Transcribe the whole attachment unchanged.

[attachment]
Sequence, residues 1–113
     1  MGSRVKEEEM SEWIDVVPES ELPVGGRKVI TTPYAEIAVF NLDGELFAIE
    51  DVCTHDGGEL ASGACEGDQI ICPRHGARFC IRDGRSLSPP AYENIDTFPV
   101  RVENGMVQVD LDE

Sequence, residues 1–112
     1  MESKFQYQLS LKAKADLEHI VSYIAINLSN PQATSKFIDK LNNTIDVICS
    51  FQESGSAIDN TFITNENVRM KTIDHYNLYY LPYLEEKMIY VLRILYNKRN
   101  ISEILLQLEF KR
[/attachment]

Sequence, residues 1–113
     1  MGSRVKEEEM SEWIDVVPES ELPVGGRKVI TTPYAEIAVF NLDGELFAIE
    51  DVCTHDGGEL ASGACEGDQI ICPRHGARFC IRDGRSLSPP AYENIDTFPV
   101  RVENGMVQVD LDE

Sequence, residues 1–112
     1  MESKFQYQLS LKAKADLEHI VSYIAINLSN PQATSKFIDK LNNTIDVICS
    51  FQESGSAIDN TFITNENVRM KTIDHYNLYY LPYLEEKMIY VLRILYNKRN
   101  ISEILLQLEF KR